Medical Mobility Improves Patient CareBy William Atkinson | Posted 01-24-2013
Medical Mobility Improves Patient Care
By William Atkinson
Emory Healthcare, the largest and most comprehensive healthcare system in Georgia, has 10,000 employees located in more than 20 healthcare centers across the state.
Its clinicians are constantly traveling from patient to patient, so increasing their mobility and data and application availability is important. Based in Atlanta, Emory wanted to provide remote desktop services to enable this employee mobility, deliver remote and secure access via multiple devices, and reduce its desktop administrative costs. To this end, Emory is virtualizing its desktops in order to enable doctors and nurses to be more mobile while offering guaranteed access to critical systems for patient care on an anywhere and anytime basis.
A Virtual Journey
The centralization and virtualization of the desktop requires Emory's data center infrastructure to be reliable and resilient, yet still manageable, flexible and agile. To meet this diverse set of requirements, Emory partnered with Egenera, Inc., which provides converged fabrics and infrastructure automation software, and with Fujitsu, which provides information and communication technology-based business solutions, including blade servers.
Emory is leveraging Egenera's PAN Manager software on Fujitsu PRIMERGY BX900 blade systems to manage up to 25,000 individual virtual desktop images. It expects to have 4,000 to 5,000 concurrent yet constantly rotating users, all with a single system administrator, in early 2013.
"We have been on the virtualization journey since 2002," says Dee Cantrell, RN, BSN, and CIO of Emory Healthcare. "Our first deployment occurred in congruence with the implementation of our electronic medical records. In this way, clinicians could begin to access patient information securely from any device, anywhere and anytime."
In rolling out the virtualization technology, Emory used several strategies to win over its new users. "People seek different forums for internalizing information," Cantrell explains.
One strategy was implementing an early adopter approach. "When we roll something out, we usually partner with one or two areas in the organization to be early adopters," says Cantrell. "They get a bit more focused attention that way. They use the technology and then provide us with feedback, which allows us to enhance and refine it before we roll it out to everyone."
Another strategy was to conduct road shows, such as presentations and real-time demos with some of the devices at leadership meetings and faculty-staff meetings, as well as to any group or committee that would let Cantrell's group present to them. "We eventually ended up getting to every department at Emory Healthcare," she says.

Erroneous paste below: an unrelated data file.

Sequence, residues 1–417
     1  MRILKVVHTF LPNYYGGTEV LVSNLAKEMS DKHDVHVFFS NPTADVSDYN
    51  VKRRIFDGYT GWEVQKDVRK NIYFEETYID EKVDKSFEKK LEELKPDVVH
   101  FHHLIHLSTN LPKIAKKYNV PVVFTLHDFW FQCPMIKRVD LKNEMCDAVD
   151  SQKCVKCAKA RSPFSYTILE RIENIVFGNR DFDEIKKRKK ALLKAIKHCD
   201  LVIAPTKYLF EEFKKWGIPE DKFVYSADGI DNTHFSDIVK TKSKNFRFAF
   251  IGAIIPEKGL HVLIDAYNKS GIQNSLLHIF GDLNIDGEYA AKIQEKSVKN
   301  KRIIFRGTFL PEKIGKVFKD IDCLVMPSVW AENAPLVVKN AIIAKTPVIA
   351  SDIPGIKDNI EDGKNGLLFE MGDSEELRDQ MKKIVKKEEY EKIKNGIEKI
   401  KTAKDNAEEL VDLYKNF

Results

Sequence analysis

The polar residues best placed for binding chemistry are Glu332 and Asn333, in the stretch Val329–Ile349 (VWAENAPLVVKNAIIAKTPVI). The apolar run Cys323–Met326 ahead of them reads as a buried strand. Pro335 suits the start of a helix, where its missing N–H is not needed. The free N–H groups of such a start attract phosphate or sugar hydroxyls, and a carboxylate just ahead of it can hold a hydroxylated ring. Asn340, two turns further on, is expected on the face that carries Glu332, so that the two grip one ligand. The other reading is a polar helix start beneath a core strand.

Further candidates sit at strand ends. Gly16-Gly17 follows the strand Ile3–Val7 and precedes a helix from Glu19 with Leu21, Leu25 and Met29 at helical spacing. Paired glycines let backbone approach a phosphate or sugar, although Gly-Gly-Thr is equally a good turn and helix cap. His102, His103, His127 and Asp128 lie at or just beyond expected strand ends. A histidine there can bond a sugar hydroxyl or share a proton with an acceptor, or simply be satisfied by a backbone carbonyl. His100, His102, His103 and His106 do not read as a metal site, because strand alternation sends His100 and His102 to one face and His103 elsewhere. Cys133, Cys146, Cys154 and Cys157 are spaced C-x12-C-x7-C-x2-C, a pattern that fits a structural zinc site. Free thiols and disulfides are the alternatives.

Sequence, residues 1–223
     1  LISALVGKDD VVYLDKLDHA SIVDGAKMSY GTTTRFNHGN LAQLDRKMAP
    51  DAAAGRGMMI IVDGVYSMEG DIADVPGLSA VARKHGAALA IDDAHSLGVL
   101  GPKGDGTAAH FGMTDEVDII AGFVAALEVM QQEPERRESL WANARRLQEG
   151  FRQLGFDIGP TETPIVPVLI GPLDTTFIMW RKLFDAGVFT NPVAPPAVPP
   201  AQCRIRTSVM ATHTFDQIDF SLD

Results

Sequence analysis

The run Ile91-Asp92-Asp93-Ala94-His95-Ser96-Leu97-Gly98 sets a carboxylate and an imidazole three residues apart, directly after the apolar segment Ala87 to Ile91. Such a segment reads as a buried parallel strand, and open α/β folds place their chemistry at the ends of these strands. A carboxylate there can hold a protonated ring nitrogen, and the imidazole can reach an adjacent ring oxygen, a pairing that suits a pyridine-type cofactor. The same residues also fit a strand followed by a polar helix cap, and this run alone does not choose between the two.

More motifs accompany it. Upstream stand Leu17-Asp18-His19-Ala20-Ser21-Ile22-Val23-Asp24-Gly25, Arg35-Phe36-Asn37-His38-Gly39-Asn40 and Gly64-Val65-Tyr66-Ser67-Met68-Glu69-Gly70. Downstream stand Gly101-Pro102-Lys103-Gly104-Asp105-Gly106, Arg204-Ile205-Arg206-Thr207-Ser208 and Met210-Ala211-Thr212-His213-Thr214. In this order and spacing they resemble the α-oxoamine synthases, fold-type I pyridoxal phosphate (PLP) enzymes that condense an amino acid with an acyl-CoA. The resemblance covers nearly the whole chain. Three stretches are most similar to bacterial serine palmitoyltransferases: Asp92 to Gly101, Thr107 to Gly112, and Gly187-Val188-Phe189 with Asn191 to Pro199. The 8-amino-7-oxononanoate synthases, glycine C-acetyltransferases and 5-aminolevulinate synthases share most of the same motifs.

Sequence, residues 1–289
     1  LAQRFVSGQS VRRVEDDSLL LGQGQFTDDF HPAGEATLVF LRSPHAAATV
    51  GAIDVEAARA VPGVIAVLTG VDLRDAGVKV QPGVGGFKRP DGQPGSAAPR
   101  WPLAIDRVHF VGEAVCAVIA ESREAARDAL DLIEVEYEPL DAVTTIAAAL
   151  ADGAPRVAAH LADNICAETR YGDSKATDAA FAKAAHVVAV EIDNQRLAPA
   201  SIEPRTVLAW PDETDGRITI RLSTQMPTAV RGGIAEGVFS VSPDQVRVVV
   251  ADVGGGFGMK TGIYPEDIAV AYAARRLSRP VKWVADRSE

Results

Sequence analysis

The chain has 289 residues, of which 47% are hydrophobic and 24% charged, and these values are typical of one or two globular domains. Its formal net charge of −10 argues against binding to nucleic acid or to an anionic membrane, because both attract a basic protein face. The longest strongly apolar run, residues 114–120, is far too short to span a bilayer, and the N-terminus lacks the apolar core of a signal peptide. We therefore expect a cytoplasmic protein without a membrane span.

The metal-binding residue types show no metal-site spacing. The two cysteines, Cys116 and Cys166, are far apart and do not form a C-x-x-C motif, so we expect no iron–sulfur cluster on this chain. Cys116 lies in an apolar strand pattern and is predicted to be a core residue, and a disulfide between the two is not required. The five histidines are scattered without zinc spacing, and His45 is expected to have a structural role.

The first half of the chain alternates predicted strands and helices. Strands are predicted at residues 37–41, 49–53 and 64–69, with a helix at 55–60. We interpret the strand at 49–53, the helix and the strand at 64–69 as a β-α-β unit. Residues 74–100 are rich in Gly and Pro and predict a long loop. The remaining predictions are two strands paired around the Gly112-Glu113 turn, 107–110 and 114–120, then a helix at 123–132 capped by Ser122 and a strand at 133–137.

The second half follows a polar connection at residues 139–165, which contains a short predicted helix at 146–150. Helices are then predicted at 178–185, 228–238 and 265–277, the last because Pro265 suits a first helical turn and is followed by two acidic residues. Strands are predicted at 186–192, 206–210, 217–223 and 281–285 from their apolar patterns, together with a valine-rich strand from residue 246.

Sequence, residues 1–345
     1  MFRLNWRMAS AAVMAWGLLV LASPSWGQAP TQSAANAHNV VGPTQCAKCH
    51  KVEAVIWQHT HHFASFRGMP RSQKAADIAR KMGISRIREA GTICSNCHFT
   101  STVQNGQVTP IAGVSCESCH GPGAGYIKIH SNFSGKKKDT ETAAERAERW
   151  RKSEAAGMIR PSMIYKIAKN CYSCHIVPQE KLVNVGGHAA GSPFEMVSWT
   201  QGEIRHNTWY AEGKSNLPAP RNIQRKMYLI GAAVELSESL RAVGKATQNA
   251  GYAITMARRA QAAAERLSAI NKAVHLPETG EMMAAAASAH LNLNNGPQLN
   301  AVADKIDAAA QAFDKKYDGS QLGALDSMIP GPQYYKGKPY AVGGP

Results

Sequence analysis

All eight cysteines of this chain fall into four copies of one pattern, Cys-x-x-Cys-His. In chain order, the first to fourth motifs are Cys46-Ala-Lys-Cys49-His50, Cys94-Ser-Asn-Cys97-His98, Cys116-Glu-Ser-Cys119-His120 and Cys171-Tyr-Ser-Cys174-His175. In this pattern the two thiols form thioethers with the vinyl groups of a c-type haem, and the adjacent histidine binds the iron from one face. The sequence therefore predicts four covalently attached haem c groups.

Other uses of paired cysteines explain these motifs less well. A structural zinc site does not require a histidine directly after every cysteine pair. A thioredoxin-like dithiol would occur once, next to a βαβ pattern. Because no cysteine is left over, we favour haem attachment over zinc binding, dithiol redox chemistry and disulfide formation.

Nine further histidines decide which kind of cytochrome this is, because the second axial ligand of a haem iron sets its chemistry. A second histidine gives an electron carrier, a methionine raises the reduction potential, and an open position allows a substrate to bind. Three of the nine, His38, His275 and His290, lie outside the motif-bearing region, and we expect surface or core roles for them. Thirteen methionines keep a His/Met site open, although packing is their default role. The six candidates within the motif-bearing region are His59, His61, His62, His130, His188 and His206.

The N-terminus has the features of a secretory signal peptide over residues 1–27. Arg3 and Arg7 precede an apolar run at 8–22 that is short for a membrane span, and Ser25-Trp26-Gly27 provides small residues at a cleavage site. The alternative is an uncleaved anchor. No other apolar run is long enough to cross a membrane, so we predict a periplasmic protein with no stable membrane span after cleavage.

The team also communicated via email. "As part of this, we did some unique things, such as send out a 'Tip of the Month' related to virtualized desktops, with a focus on playing up some of the mobility features," Cantrell says.
According to Cantrell, the technology has been well received in terms of usability, access, and security. "Change is always difficult," she admits. "As such, initial reactions included some of the typical responses you get to any new technology: How do I do this? Why does this do this that way?" However, within 30 days, she adds, users couldn't live without the virtualized desktops.
Medical Mobility Improves Patient Care
"We continue to get feedback from users and incorporate that into the next enhancements that we roll out," says Cantrell. "Users aren't shy about providing this, which is a good thing."
There has been a dramatic improvement in the accessibility of desktop services, as well as an 80 percent reduction in data center complexity compared to alternative architectures. "We have also been able to decrease the number of FTEs [full-time equivalents] involved in desktop support and allocate them to other areas," she says.
The technology is also saving Emory $1.2 million a year just from not having to conduct a "refresh" every three years. "With 80 percent of our desktops being full virtualized kiosks, we run the equipment until it breaks, and then swap it for another device," Cantrell explains.
However, the most important benefit, as far as Cantrell is concerned, is the improved service that Emory's staff can provide to patients. "With providers having access wherever they are at any time makes it much better for patients and families," she says. For example, a physician was vacationing in Greece when one of her patients required help. The doctor was traveling with her laptop, so she was able to securely access Emory's employee medical records through the virtualized desktop, prescribe the needed medication and conduct a follow-up with the patient.